Why Throughput Isn't Everything: The Case of Parallelizing Skyline Queries

Activity: Talk or presentation typesLecture and oral contribution

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Sean Chester - Invited speaker

The extreme parallelism available in modern hardware suggests a way to combat the Big Data deluge. However, harnessing the potential parallelism can be quite challenging for many data management problems. The skyline query, which filters an input dataset to only the most salient points therein, is one such example. We see that sophisticated, single-threaded algorithms can outperform high-throughput parallel algorithms by orders-of-magnitude, even when the parallel algorithms are run on state-of-the-art graphics processing cards (GPUs) with 2680 physical cores. In this talk, I discuss how considering work-efficiency---the idea that parallel algorithms must be clever, too, even at the expense of throughput---can lead to algorithms that drastically outperform both sequential and massive-throughput competitors. The material is based on a paper we presented at ICDE 2015 (regarding multicore CPUs) and a paper that will be presented at VLDB 2015 (that focuses on the case of GPUs). At the end of the talk, I will discuss how these challenges again manifest themselves in some ongoing work on clustering natural language in social media.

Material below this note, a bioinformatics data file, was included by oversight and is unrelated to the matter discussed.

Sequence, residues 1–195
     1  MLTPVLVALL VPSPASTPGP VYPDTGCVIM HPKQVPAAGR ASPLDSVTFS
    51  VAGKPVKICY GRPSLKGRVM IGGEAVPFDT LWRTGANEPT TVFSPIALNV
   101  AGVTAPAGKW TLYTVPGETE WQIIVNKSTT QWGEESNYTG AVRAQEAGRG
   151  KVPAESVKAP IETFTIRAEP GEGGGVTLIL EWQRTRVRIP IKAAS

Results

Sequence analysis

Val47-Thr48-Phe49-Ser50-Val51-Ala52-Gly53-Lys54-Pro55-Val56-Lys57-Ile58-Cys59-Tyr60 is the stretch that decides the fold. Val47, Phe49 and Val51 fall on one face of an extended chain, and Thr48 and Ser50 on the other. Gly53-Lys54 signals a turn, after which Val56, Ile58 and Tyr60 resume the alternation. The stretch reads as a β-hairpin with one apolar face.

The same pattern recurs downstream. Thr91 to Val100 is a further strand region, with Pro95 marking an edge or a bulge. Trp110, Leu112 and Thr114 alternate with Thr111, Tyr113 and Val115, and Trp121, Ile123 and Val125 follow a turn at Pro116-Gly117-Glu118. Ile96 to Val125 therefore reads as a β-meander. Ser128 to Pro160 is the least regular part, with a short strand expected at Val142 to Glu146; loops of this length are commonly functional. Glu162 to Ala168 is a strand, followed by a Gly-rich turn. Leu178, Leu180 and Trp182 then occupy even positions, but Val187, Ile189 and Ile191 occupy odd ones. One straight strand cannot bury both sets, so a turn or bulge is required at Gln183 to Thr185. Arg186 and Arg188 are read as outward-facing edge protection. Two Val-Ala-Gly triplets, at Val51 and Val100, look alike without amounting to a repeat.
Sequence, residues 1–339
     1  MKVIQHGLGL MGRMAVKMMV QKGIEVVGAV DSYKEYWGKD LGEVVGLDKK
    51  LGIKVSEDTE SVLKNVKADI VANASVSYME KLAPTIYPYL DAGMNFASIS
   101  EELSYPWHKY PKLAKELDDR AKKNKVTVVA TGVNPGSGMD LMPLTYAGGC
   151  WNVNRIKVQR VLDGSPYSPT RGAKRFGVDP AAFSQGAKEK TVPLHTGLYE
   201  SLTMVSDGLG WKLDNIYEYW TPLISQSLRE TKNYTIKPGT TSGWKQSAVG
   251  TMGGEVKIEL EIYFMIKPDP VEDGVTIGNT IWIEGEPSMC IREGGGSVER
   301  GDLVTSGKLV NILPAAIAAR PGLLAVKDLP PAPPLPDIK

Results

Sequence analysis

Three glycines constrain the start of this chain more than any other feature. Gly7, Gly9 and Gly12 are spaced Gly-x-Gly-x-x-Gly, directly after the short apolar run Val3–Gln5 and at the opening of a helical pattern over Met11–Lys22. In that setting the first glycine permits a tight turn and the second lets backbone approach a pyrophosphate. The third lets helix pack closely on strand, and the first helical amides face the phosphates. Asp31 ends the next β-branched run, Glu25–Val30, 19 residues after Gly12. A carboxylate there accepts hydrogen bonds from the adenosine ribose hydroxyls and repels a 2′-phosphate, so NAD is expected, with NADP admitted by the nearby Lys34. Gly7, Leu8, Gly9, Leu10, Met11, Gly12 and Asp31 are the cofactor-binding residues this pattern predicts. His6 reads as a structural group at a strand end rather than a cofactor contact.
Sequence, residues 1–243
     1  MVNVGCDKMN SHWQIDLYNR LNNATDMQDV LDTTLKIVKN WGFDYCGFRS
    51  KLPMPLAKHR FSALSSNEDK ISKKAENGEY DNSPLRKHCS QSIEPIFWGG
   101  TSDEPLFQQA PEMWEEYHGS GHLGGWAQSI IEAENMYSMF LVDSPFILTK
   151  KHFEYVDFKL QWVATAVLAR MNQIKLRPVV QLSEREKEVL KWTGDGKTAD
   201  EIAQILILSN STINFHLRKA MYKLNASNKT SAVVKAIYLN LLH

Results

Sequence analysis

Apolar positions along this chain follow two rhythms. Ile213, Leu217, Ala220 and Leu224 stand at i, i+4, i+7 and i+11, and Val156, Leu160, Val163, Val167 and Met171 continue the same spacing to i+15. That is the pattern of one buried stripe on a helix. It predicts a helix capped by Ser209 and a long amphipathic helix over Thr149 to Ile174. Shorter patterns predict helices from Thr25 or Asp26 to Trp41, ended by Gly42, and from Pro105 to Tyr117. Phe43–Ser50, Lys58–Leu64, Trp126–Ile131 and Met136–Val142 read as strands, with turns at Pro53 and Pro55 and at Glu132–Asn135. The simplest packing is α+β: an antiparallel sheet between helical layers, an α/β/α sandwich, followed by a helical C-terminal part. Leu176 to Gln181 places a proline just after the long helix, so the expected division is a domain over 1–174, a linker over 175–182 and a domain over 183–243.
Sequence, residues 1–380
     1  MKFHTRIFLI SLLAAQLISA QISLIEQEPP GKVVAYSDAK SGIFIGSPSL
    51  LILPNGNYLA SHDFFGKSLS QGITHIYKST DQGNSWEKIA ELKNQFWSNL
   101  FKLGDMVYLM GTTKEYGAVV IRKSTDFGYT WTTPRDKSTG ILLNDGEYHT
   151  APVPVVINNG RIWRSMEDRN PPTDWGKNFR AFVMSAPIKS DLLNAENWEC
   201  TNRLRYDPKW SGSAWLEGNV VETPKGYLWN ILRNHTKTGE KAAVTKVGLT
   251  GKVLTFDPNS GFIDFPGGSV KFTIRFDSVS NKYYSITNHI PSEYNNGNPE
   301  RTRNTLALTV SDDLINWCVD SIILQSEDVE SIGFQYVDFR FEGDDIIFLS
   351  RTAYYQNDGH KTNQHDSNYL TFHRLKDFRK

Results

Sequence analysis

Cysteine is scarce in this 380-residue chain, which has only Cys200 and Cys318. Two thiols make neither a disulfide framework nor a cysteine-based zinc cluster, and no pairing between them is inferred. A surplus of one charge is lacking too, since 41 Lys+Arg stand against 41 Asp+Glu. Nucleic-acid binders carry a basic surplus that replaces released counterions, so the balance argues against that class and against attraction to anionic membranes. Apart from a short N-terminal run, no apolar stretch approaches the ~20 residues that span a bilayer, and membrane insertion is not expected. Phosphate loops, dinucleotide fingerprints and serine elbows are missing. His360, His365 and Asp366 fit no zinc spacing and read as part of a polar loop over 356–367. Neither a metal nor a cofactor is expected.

10 Sep 2015

Event (Seminar)

TitleWhy Throughput Isn't Everything: The Case of Parallelizing Skyline Queries
Date10/09/2015 → …
LocationSimon Fraser University (SFU)
CityBurnaby
CountryCanada

    Keywords

  • parallelism, algorithms, skyline, work-efficiency, throughput

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